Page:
Mizoram elections: Prohibition is a poll peg, the debate a glass half fullhttps://indianexpress.com/elections/mizoram-elections-prohibition-is-a-poll-peg-the-debate-a-glass-half-full-5456352/

Mizoram elections: Prohibition is a poll peg, the debate a glass half full

The decision to relax the ban has become an issue in the November 28 Assembly election — with the opposition Mizo National Front (MNF) underlining problems that easy access to alcohol causes, and promising to bring back total prohibition if voted to power.

Mizoram elections: Prohibition is a poll peg, the debate a glass half full
According to government records, there are 49 authorised retail liquor vendors in the state.

Stuck in traffic and seemingly with nothing better to do, 32-year-old Aizawl cab driver Vanlal Hriatpuia opens the glovebox and takes out his liquor permit, idly considering whether to have a drink — or several — that evening.
Mizoram has had “controlled prohibition” since 2014, and both local people and outsiders need a permit to buy alcohol. According to government records, there are 49 authorised retail liquor vendors in the state. There is the black market, of course, and the options here are many — including a shop otherwise selling cosmetics in a major shopping complex in the city.

“The holder of this permit is authorised to purchase six bottles (750 ml or its equivalent) of Indian Made Foreign Liquor and 10 bottles each of Beer and Wine in one month for his/her personal bona fide consumption,” says the official drinking licence.

In 2014, the Congress government of Chief Minister Lal Thanhawla went against the wishes of powerful NGOs and the Church to lift the existing blanket ban on drinking — replacing the Mizoram Liquor (Total Prohibition) Act, 1995 with the Mizoram Liquor (Prohibition and Control) Act, 2014.

“Church bodies came to me in the nineties and asked me to introduce prohibition. I did. For many years, it was there. But it was a total failure. A lot of spurious liquor was manufactured. So, we relaxed the total prohibition in the state to controlled prohibition in 2014,” Lal Thanhawla, who was chief minister earlier between 1989 and 1998, told The Indian Express in an interview last week.

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The decision to relax the ban has become an issue in the November 28 Assembly election — with the opposition Mizo National Front (MNF) underlining problems that easy access to alcohol causes, and promising to bring back total prohibition if voted to power.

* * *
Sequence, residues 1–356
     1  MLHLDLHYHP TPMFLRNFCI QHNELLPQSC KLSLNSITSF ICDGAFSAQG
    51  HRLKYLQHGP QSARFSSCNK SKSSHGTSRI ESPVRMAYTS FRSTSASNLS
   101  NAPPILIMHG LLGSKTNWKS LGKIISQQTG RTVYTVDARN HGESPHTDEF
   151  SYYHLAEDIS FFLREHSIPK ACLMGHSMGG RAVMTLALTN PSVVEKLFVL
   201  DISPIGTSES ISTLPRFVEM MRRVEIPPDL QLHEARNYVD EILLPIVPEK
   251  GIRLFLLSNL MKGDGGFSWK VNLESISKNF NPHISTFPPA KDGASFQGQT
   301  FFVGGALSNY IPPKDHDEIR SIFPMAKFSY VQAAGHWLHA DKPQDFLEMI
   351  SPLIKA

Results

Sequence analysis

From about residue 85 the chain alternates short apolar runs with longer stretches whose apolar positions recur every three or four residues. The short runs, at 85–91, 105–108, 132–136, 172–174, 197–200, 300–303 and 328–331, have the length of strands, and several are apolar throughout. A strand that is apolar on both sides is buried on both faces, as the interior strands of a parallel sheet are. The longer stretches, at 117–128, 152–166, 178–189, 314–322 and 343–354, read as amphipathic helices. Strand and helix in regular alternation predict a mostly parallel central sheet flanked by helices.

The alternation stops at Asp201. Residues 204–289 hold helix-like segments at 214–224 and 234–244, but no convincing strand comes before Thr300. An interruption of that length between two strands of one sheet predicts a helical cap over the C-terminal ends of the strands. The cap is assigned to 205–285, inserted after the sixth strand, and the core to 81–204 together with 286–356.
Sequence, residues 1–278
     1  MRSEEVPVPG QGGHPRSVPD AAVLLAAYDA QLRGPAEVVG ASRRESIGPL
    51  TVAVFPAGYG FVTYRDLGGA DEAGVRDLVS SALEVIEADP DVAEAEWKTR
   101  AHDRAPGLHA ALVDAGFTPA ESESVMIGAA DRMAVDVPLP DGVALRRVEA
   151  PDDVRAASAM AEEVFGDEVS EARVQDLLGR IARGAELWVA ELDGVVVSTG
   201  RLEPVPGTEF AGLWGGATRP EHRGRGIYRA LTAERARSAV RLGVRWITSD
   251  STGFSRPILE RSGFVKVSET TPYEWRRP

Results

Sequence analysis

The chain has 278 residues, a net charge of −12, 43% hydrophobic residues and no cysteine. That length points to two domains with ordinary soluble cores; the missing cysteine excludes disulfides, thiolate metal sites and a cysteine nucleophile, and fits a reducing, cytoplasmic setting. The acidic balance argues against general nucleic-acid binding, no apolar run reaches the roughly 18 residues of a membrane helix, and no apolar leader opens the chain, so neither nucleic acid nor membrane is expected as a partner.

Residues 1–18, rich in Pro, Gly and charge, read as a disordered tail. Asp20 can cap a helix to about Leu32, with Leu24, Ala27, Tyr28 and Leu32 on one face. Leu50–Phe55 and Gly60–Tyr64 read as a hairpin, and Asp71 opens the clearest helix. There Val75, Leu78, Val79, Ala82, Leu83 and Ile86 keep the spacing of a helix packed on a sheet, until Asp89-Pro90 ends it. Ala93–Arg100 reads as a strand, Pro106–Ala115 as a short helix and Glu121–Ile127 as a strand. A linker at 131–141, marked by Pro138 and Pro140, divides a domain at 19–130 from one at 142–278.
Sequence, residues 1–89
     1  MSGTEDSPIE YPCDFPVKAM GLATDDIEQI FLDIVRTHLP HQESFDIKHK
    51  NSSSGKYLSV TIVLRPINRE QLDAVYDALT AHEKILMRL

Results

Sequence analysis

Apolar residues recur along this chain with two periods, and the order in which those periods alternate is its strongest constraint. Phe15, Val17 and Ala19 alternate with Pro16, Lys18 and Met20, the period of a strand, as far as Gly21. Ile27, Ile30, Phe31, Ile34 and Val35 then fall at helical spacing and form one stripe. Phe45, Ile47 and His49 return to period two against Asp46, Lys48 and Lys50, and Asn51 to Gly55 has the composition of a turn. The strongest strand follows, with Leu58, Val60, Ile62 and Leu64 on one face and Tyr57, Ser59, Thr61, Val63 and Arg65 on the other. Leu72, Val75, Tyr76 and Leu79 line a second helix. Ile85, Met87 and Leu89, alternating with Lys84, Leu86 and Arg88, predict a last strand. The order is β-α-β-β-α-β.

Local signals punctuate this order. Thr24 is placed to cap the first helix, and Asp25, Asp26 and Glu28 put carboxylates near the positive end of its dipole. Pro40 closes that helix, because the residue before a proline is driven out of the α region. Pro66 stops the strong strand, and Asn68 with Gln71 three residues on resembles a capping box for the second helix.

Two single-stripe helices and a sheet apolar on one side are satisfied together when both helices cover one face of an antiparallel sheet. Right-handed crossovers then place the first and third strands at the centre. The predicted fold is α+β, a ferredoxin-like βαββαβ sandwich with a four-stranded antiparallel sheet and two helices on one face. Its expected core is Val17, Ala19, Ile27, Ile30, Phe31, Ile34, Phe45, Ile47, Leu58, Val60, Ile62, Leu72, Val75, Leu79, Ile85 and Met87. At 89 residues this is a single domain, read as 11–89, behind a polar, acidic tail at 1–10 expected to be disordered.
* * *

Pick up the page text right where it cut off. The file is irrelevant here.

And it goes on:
MNF chief Zoramthanga, who succeeded Lal Thanhawla in 1998 and ruled until 2008, told The Indian Express: “We will implement total prohibition. The Congress ended so many years of prohibition in the state, going against NGOs and the Church, which has led to alcohol-related illnesses and deaths in society.”

The Congress argues that lifting total prohibition has boosted revenues and cut crime. “The finance minister during his 2018-19 Budget speech mentioned that the government is expecting Rs 51.50 crore as tax revenue from ML(PC) Act during the financial year 2017-18,” Lalhruaitluanga Bawitlung, a secretary of the communication department of the state Congress unit, told The Indian Express. According to Mizoram police data, the rate of crimes is lower in the 2015-17 period than in the 2012-14 period, Bawitlung claimed.

A study group set up by the government to analyse the socio-economic impact of the ML(PC) Act has, however, submitted a different assessment. The report, which made its way to the local press in July, noted both the gains from lifting total prohibition (revenues of Rs 23.52 crore from warehouses and vendors, and Rs 12.45 crore from VAT), as well as costs such as rising alcohol-related health and social problems, and drink-driving accidents.

The bottomline, the study found, was that for every Re 1 of revenue earned from alcohol, an estimated Rs 2.85 was spent in costs. It weighed the pros and cons of all three options before the government: Total Prohibition, Controlled Prohibition, and Free Sale of alcohol, and recommended that total prohibition could be considered as long as stringent measures were taken to arrest collateral damage such as bootlegging, and the government was willing to give up on alcohol revenues.

On the question of revenue losses due to total prohibition, MNF vice president and the party’s campaign chairman R Tlanghmingthanga said: “When prohibition was there, even then we managed, right? And moreover, no amount of benefits from revenue can justify the death of even a single person because of drinking.”

Vanlalruata, president of the Central Young Mizo Association, the largest non-governmental organisation of the Mizo people, said that the chief minister had assured civil society groups at a meeting recently that the report of the study group was being considered, and the government was open to going back to full prohibition if it was indeed established that controlled prohibition had not delivered the desired results.

Speaking to The Indian Express, however, the chief minister insisted that “If we win (the Assembly elections), this (controlled prohibition) will continue.” State Congress spokesperson Lallianchhunga took a more conciliatory line. “During the period of total ban on liquor, many youths died after consuming spurious and bad quality liquor. We partially lifted the ban and made good quality alcohol available in a regulated manner to those who want to drink. But we are open to going back to total prohibition if we see that partial prohibition is not working,” he said.
But what about the people who like their drink and would like to be free to do so?

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Cab driver Hriatpuia is clear that he does not approve of the state playing nanny. “More than laws, what matters is self-control. If you drink too much, of course you will die. But if you drink within limits, it is fine.”